Despite outing my anti-football stance in this rant, careful readers will have noted I’m pretty much okay with gambling. And since nothing brings out that instinct (it does seem like an instinct, doesn’t it?) more vigorously than the Super Bowl, here we are again.
Last year we wandered from Pittsburgh to Green Bay by way of the White House (and the homebrewing activities going on there, all mentioned here).
But for Super Bowl XLVI we’re sticking to the east coast, and hitching our star to a wager already in the works, between Brooklyn Brewery and Harpoon Brewery. Seems that the old pros at the helm of each brewery are chums and couldn’t pass up the chance to tweak the other should their home team win.
The deal is that should the Patriots win, Steve Hindy will dispense a keg of Harpoon IPA at the Brooklyn brewery. Likewise, should the Giants win, Harpoon’s Rich Doyle and Dan Kenary will dispense a keg of Brooklyn Lager in the Boston tasting room.
Gauging by the amount of coverage the wager has already received, the publicity will presumably help salve the wounds of the defeated, and I’m willing enough to lard on some more.
For the two breweries, this is actually Super Bowl Wager II, since the same terms were put forth for Super Bowl XLII in 2008, and even non-fans like me know the Giants dusted off the previously undefeated Patriots 17-14, a stunning upset. As this video shows, the bet was paid off, and Hindy made a prescient comment about the two teams meeting again in the playoffs:
Hindy, who obviously has a gambling problem, threw down a similar wager with Anchor Brewing in San Francisco before the Giants-49ers tilt for the NFC title. Anchor president John Dannerbeck not only agreed to pour Brooklyn’s Sorachi Ace beer from this Monday to tomorrow, but outfit tour guides in Giants jerseys:
I’m going to throw in my two cents here. I’ll select one of the specialty beers of whichever brewery wins on Sunday–so to speak–and make it my next TAP Beer of the Week. To the victor goes the laurel. To me goes the beer.
[We all now know how the Super Bowl turned out, so click here for the promised TAP Beer of the Week post.]
As far as this week’s two beers go, as a lager and an ale they aren’t really competitive; it’s apples and oranges. But there are some similarities in that both beers are the best-selling flagship brew in each company’s portfolio. Both are now being canned as well as bottled (both canned at the F.X. Matt Brewery in Utica, New York).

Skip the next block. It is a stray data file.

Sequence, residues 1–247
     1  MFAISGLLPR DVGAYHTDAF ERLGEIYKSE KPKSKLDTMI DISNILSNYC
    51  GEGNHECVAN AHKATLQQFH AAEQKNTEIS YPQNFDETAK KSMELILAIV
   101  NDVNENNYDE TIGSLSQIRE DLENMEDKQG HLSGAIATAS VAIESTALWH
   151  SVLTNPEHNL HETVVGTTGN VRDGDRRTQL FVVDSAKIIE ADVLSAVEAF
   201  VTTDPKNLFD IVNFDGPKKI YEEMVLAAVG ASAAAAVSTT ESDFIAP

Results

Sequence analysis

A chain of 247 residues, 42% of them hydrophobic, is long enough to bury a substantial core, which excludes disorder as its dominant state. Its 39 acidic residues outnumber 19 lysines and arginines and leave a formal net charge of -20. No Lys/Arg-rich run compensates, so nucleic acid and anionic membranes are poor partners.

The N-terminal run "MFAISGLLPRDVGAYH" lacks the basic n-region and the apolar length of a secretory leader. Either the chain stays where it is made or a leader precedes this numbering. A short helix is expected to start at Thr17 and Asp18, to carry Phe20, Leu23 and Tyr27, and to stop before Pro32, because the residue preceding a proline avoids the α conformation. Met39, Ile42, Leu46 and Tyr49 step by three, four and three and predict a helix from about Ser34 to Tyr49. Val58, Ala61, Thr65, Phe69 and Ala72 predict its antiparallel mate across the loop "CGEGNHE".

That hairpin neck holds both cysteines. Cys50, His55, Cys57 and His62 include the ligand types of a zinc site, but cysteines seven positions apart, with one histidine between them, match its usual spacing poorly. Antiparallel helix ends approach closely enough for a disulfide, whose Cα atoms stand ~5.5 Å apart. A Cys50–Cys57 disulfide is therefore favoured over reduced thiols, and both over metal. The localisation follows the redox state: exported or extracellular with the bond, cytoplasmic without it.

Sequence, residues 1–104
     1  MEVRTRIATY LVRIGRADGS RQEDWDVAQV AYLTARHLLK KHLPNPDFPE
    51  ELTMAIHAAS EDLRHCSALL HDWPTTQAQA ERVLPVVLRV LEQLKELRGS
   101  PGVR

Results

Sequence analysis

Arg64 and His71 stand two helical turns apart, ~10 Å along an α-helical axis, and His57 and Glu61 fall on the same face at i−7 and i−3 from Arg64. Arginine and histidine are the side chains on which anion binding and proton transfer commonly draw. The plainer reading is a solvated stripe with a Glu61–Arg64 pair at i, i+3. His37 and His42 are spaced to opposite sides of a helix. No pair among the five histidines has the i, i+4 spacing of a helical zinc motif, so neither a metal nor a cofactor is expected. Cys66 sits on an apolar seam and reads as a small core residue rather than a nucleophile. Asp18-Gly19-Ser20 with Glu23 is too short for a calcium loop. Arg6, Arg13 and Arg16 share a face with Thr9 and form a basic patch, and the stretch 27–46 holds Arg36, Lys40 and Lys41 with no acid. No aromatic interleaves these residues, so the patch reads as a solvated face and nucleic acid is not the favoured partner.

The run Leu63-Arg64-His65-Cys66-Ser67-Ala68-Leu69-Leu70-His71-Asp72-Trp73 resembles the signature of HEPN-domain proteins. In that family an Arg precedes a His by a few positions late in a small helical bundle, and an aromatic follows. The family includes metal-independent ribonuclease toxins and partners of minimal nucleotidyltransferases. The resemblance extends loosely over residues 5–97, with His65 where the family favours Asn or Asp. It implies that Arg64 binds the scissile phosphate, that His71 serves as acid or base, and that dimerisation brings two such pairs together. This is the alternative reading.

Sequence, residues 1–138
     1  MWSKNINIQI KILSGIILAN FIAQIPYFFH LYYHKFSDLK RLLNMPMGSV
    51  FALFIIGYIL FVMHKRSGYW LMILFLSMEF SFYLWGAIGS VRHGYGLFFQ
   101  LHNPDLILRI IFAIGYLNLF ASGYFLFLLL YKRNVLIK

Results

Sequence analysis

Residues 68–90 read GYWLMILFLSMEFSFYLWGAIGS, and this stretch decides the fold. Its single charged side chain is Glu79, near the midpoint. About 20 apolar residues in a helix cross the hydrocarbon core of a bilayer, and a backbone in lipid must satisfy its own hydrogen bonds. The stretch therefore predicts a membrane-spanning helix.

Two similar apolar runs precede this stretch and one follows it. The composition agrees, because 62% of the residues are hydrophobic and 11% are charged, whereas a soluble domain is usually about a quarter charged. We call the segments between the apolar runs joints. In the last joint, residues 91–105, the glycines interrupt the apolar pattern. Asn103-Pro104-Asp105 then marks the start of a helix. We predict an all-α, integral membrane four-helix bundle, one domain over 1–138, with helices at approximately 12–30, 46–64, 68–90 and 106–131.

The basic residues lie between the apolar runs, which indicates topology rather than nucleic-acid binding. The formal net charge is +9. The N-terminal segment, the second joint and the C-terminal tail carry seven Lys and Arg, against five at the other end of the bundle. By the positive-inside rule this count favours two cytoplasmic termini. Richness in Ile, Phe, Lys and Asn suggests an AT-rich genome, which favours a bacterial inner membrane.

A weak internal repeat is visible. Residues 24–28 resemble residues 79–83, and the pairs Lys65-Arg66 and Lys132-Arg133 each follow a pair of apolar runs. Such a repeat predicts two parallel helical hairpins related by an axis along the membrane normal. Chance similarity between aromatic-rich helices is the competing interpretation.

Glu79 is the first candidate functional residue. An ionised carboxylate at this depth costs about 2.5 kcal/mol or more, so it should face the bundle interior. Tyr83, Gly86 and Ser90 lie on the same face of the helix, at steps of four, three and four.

And both companies have now been around for a long time, by craft brewery standards. (See “Related Posts” below for a little more on each brewery’s history and beers.) Harpoon released its first beer, Harpoon Ale, in 1987. Brooklyn Lager was that brewery’s first offering in 1988. From small and none-too-certain beginnings, both companies have come a very long way: Harpoon was ranked ninth in U.S. craft brewery sales in 2010 (16th in overall brewery sales), while Brooklyn was 16th (25th overall).
The two beers in question were mildly radical for the time and place of their introduction. As they enter adulthood they’ve more or less settled down into mainstream respectability, considering the wild experimentation going on around them. Neither will knock your socks off; nor will they let you down.
Brooklyn Lager harkens back to pre-Prohibition brewing days in the borough, when almost 50 breweries plied their trade, with a Vienna Lager-style recipe formulated by William Moeller, a fourth-generation brewer who went back into the notebooks. The Milton Glaser-designed logo harkens back to the Brooklyn Dodgers. (Talk about festering wounds!)
It’s a lightly amber beer with a nice sudsy head, an appealingly grainy nose with a touch of lemon zest probably from the (somewhat unusual) dry-hopping during lagering. (Hallertauer Mittelfrueh, Vanguard and Cascade in the hop mix.) The bottles I had from a recent variety pack were just past their freshness date with no apparent harm done. The palate is lightly malty, suitably crisp, with a bittersweet finish.
I hadn’t had a Brooklyn Lager for awhile. When I cracked one open a few days ago I had a bit of a flashback, on first sip, of the old New Amsterdam Amber, which both Brooklyn Lager and Sam Adams Boston Lager are the immediate descendants of from back in the mid-80’s. But that’s a bit of history for another time.
Interestingly, though, Brooklyn Lager is brewed at the Matt Brewing Company, as was New Amsterdam, Sam Adams and Harpoon for a time. However, the expansion of the company’s Williamsburg brewery is expected to double capacity in 2012 and again in 2013, so that may change.
The Harpoon IPA was introduced in 1993 as a summer seasonal beer, but sales went off the charts and the company quickly made it a year-round offering. Now it’s the number one house brand.
I suspect its very ubiquity makes beer geeks take it for granted. But I know I’m happy to call on it as a go-to beer when choices are otherwise suspect or limited. It’s not a west coast in-your-face IPA, but a solid Cascade hop-accented IPA with a fruity nose, a toasty malt character and a good bit of hop zing in the finish. Wham, bam, thank you ma’am, I’ll have another.
There, now wasn’t that more fun than talking about football?
Name: Brooklyn Lager
Brewer: Brooklyn Brewery, New York
Style: American Amber
Availability: Year-round, 25 states and D.C.
For More Information: www.brooklynbrewery.com
Name: Harpoon IPA
Brewer: Harpoon Brewery, Boston, Massachusetts and Windsor, Vermont
Availability: Year-round, 26 states
For More Information: www.harpoonbrewery.com